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The alteration of high into HIGHT, the reader will admit
« Volp. Methinks, " Yet you, that are so traded in the world, “ A witty Merchant, the fine bird, Corvino, « That have such MORTAL emblems on your name, • Should not have sung your shame ; and dropt your cheese " To let the Foxe laugh at your emptiness. The true reading is MORAL emblemes.- both the Fable, and the Moral are too well known, to want here any explanation. Again, In Catiline, A& III. « When what the Gaul or Moor could not effect, “ Nor emulous Carthage, with their length of spight, “ Shall bee the work of one, and THAT MY NIGHT. Catiline says he'll effect that, which Rome's most formidable enemies never could ; viz. destroy it: this shall be the work of one ; and THAT'S MY RIGHT : that I claim as my right and due : • Shall bee the work of one ; and that's MY RIGHT." This seems to be the true reading. But here is another mistake, which must be laid to the author's charge, who plainly had his eye on Horace, Epod. 16. “ Quem neque finitimi valuerunt perdere MARSI “ Aemula nec virtus Capuæ.“ Nec fera Caeruleâ domuit Germania pube,
“ Parentibusque abominatus Hannibal ; “ Impia perdemus devoti fanguinis aetas."'.
Here is no mention of the Moors, who were by no means
“ Vultus in bojtem.” L. I. Od. 2.
In Shakespeare's K. Henry V. Act IV. Henry thus apostrophizes ceremony,
« And what art thou, thou idol, Ceremony;
What is the foul of adoration, i. e. what real worth, what substantial good is there in it? The printer miftook some stroke of the pen at the end of the ; or thy in the preceding line caught his eye, and occafioned the error in the folowing verse. A very ridiculous correction is proposed in a late edition, " What is thy toll, o aderation po” Shakespeare, uses foul for what is real, fubftantial, &c. in the same play,
" There is fome foul of goodness in things evil,
5o Would inen observingly distil it out." Some soul of goodness, i. e. fome real good. In a Midlum mer Night's Dream, A& II].
" Hal. Can you not hate me, as I know you do,
6. I say bid come before us Angelo :
* Elected him our absense to supply.”
“Ομως δε κακ τώνδ' εκ άπειρηκώς ΦΙΛΟΙΣ
Ego tamen ne propter haec quidem defeffus amicorum “ gratiâ venio, profpe&turus tibi, o mulier.” What construction is this ? dimons Axwe beside á eignuévas is, animo concidisse, animum defpondiffe, &c. I imagine the poet gave it, dina öxw, I come your friend : as we say in English. But printers can blunder, as well as transcribers in copy after copy. In Milton's Samson Agonistes, *. 1650. the Meffenger is describing Samson's pulling the temple on the Philistins.
« Those two maslie pillars " With horrible confufion to and fro “ He tugg’d, he took, 'till down they came, and drew
The whole roof after them”
We must correct, he foook. Again, in his elegant sonnet to the soldier to spare his house :
“ The great Emathian conqueror did spare
We must read, bid spare. As Mr. Theobald and Dr. Bentley often tell us, that they had the happiness to make many corrections, which they find afterwards supported by the authority of better copies ; so with the same vanity, I can assure the reader, I made the above emendations in Milton, and found, after all, the passages corrupted by one J. Tonfon.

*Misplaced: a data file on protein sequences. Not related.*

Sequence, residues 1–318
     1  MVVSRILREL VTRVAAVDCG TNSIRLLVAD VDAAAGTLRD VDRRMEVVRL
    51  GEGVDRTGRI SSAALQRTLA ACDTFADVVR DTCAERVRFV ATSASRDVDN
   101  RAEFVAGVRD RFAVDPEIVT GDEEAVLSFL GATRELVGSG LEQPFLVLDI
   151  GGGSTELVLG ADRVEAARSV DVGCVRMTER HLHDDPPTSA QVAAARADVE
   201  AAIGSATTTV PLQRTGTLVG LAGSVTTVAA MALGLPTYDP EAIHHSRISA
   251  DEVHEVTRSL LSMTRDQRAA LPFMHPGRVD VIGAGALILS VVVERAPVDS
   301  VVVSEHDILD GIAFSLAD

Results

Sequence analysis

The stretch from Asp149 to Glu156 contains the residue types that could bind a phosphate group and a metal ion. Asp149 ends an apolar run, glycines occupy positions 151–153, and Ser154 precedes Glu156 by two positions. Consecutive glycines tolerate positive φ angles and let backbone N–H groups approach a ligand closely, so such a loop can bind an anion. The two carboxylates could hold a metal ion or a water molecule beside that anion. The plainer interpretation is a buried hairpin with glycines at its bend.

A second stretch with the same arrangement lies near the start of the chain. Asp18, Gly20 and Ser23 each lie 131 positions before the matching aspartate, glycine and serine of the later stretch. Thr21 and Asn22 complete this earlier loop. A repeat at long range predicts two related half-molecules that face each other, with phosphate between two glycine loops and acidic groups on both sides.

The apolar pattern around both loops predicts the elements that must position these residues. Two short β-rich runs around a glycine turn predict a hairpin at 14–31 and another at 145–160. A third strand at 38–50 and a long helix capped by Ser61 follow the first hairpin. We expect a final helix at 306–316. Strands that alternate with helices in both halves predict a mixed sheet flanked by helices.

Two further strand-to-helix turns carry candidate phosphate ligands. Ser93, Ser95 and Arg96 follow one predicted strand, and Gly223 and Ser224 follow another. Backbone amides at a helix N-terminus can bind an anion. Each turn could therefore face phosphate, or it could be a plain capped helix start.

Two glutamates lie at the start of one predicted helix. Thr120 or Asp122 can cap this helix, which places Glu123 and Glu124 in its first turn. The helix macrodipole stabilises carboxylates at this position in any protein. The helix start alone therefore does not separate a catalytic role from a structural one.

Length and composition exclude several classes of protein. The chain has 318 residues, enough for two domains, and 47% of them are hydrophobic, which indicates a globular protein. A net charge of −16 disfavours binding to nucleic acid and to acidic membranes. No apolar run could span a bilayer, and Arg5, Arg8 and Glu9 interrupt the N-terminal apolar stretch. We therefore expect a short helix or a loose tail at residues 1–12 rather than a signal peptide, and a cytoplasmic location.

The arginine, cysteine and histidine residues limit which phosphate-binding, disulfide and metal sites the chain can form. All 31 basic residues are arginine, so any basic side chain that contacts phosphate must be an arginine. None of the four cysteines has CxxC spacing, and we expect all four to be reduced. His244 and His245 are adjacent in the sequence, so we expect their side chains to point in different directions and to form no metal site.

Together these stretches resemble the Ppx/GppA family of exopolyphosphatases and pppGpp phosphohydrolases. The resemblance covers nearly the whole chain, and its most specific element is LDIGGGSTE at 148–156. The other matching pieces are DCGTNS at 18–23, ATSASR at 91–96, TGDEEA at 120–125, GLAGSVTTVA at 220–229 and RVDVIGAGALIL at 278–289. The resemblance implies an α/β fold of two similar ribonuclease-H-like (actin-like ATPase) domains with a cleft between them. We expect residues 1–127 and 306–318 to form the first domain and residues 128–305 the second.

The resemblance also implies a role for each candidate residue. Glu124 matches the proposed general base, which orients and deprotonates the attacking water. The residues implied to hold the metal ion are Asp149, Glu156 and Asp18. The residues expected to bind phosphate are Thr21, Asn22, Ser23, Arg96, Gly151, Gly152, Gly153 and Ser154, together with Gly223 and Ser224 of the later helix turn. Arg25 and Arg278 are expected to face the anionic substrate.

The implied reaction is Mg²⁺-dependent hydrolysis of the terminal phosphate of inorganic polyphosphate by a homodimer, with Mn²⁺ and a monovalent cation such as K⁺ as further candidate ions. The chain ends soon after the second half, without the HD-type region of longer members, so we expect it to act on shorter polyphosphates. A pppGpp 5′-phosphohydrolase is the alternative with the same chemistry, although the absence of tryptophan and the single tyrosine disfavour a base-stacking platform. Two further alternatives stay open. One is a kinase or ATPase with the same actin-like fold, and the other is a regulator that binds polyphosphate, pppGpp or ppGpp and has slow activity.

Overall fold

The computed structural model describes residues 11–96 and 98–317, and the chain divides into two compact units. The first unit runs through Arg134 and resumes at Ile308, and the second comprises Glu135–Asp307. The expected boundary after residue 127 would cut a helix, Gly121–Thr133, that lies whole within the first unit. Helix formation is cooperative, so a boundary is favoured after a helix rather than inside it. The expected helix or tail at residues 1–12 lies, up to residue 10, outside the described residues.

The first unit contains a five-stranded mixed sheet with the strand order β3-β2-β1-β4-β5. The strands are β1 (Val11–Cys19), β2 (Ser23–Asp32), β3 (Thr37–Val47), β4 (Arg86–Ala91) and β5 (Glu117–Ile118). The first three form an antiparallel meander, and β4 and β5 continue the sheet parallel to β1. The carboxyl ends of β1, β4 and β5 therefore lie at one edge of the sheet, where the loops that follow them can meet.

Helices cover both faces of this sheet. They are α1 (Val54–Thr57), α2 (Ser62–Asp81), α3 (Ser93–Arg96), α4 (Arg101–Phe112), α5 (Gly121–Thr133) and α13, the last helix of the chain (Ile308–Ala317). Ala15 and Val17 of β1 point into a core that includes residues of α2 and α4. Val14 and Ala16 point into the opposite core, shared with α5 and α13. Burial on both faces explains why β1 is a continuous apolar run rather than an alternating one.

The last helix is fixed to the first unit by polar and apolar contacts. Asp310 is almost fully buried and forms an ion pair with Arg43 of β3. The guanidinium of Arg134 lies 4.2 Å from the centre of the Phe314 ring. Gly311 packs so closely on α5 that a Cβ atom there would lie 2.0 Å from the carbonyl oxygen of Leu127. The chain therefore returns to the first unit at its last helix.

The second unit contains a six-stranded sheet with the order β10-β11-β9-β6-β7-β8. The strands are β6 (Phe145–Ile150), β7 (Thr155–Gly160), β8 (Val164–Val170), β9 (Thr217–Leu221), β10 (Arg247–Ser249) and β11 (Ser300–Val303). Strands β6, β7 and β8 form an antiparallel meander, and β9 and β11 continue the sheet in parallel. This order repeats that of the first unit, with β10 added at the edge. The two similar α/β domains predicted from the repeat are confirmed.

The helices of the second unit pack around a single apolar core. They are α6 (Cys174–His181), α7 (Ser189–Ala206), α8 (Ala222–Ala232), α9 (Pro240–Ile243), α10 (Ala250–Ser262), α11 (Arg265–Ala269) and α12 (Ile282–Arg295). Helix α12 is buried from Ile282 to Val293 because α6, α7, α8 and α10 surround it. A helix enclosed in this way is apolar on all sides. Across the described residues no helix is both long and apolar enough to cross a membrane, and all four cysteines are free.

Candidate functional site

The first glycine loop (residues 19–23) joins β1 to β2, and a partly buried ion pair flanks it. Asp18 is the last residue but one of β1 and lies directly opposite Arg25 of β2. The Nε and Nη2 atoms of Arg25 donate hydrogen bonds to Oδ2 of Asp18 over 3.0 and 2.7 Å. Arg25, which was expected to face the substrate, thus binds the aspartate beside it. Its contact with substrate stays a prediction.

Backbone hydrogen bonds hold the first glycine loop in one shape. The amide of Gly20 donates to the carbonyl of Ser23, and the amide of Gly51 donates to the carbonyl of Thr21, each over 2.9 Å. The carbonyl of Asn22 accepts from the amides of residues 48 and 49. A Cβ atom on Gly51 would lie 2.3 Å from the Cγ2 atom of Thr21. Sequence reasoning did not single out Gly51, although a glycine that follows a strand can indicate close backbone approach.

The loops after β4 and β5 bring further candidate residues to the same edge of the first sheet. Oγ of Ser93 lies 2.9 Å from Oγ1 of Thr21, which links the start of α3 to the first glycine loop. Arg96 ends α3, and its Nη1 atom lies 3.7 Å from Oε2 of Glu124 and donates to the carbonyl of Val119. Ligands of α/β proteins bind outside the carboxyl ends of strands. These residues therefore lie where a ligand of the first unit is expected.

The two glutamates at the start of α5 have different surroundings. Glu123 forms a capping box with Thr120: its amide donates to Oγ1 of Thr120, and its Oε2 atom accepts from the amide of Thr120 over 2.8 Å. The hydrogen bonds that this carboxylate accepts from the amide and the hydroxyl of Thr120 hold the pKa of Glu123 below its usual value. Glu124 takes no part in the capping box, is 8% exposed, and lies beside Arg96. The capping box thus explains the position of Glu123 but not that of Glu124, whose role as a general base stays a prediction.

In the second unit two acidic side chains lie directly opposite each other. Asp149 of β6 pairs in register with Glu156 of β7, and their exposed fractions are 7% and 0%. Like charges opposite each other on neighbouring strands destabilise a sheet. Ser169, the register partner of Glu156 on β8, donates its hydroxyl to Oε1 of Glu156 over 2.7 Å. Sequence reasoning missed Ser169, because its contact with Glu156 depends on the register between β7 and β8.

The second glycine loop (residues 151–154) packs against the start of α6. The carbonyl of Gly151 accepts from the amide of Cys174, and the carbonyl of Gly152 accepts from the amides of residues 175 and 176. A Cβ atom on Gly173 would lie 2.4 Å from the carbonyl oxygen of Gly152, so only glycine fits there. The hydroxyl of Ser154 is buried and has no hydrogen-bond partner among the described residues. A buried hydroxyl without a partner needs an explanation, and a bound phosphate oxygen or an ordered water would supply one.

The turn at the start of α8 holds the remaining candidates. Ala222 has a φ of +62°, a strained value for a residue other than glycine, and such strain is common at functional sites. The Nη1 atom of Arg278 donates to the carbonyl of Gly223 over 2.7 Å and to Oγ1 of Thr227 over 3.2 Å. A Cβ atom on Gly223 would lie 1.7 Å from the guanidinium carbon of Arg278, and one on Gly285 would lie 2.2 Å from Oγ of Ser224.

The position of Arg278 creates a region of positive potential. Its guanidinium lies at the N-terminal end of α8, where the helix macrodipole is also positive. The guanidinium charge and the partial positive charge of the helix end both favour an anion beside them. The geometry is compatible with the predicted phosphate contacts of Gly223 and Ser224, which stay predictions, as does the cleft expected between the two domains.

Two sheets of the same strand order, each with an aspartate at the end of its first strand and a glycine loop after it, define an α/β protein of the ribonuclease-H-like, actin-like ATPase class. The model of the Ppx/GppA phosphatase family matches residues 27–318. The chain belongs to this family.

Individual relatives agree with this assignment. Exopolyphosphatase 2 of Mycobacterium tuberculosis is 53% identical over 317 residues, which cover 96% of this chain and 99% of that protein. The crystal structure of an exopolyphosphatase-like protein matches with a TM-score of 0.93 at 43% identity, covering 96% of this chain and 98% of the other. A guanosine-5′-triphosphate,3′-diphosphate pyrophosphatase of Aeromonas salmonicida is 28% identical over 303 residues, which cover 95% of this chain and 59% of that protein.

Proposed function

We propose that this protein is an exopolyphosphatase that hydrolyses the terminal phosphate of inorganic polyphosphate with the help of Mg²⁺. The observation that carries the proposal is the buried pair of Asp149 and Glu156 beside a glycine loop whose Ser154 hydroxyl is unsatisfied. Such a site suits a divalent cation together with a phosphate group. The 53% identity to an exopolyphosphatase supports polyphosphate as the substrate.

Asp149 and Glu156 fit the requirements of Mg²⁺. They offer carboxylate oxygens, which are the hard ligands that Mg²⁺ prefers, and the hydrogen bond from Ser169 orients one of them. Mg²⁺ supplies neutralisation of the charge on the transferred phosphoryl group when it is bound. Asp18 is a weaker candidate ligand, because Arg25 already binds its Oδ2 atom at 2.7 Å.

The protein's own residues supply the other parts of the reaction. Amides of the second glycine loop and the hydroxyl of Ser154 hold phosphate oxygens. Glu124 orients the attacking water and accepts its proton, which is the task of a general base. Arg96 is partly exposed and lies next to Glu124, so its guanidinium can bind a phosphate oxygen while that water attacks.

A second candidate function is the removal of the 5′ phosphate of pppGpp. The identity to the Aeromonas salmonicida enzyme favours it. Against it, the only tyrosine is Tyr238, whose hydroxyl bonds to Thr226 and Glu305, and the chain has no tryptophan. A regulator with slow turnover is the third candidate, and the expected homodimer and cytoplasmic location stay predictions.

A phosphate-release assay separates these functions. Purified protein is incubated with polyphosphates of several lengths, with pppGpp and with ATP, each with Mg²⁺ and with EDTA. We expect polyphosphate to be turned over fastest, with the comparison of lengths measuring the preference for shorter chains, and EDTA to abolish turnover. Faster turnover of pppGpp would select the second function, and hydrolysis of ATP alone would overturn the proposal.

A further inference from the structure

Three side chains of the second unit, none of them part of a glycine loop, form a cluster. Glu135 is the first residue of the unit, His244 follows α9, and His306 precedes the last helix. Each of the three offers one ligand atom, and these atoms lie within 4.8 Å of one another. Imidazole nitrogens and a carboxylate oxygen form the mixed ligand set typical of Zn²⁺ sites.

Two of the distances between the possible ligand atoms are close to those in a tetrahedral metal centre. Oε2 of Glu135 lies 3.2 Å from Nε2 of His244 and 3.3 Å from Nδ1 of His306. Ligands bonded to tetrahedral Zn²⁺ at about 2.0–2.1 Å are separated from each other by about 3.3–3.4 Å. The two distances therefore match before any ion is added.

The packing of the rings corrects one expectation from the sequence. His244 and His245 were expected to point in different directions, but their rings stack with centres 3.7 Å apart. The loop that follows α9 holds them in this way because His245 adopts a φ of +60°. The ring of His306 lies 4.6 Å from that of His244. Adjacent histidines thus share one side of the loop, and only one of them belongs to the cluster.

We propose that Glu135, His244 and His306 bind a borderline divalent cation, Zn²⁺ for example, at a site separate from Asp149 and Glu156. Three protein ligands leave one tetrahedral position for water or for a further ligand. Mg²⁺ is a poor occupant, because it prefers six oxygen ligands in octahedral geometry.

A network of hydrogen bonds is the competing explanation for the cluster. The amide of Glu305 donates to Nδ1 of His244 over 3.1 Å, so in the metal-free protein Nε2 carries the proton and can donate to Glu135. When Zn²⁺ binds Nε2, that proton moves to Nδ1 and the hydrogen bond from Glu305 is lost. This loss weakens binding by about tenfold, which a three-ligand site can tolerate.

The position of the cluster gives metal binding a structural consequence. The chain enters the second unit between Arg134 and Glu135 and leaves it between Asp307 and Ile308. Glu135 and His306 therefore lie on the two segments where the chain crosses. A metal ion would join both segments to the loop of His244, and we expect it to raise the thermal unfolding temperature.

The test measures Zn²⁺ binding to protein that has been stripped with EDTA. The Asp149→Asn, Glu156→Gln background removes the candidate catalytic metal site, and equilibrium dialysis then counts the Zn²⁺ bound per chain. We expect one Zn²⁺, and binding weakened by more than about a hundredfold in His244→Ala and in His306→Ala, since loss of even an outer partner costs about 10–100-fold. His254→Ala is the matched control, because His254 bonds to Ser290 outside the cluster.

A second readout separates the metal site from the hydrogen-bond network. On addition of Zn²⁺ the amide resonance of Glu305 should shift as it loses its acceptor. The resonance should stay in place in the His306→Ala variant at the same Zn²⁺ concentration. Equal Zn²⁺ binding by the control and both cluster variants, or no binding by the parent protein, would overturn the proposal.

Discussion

Page 268. But whatever beauty this alliteration might have, yet the affectation of it must appear ridiculous ; for poems are not made by mechanical rules : and it was ridiculed as long ago as the times of Ennius.
O Tite tute Tati tibi tante tyranne tulifti. And by Shakespeare in his Midsummer-Night's dream, AE V. • Whereat with blade, with bloody blameful
$6 blade, “ He bravely broach'd his boiling bloody breast.”
Perhaps the reader may not be displeased to see what the learned Andreas Schottus has said on this subject ; hav: ing cited that well-known verse of Cicero,
“ ô fortun ATAM, NATAM me confule Romam! He adds, “ Quæ fyllabarum iteratio vocis definentis et incho"" antis tantum abeft ul critici vitio dandum exiftimaverint,
** ut etiam imitandum fibi duxerint, quòd pofteriores etiam “ poetas mire id affe&tale observarint. Unus enim omnium
inftar Tibullus, eques Romanus, et cafti fermonis ac fuavis “ auctor, plerumque syllabas fudio geminat: ut ne longius “ abeam, ftatim in limine :
- Me mea paupertas vitæ traducet inerti.
• Qualia M, Ant. Muretus ibidem et Joannes Garzonius De“ netus plura alibi in cultissimo illa poeta ad calculos revoca« runt. Παρήχησιν autem voce παρήχημα Rhetorum flii • Schema nominant anò rõ wagnxeñv. Budæo ADNOMINATIONEM,
RESULTATIONEM nominare Latinè liceat, “ ut in poetis antiquis, præfertim Marone, Jovianus Pon
tanus ALLITERATIONEM folitus est appellare, &c.” If the reader has any curiosity to see more of what he writes on this subject, he may consult his treatise, intitled, Cicero a Calumniis vindicatus. Cap. X. In the arte of English poesie, printed an. 1589. p. 213. " ye have another man“ ner of composing your metre nothing commendable, « fpecially if it be too much used, and is when our Maker “ takes too much delight to fill his verse with wordes beginning all with a letter, as an English rimer that said:
“ The deadly droppes of darke disdaine
“ And as the Monke we spake of before, wrote a whole poeme
to the honor of Carolus Calvus, every word in « his verse beginning with C thus :
“ Carmina Clarisona Calvis cantate camæna.
** Many of our English Makers use it too much, yet we çc confess it doth not ill but PRETILY BECOMES THE FS MEETRE, if ye passe not two or three words in one verse,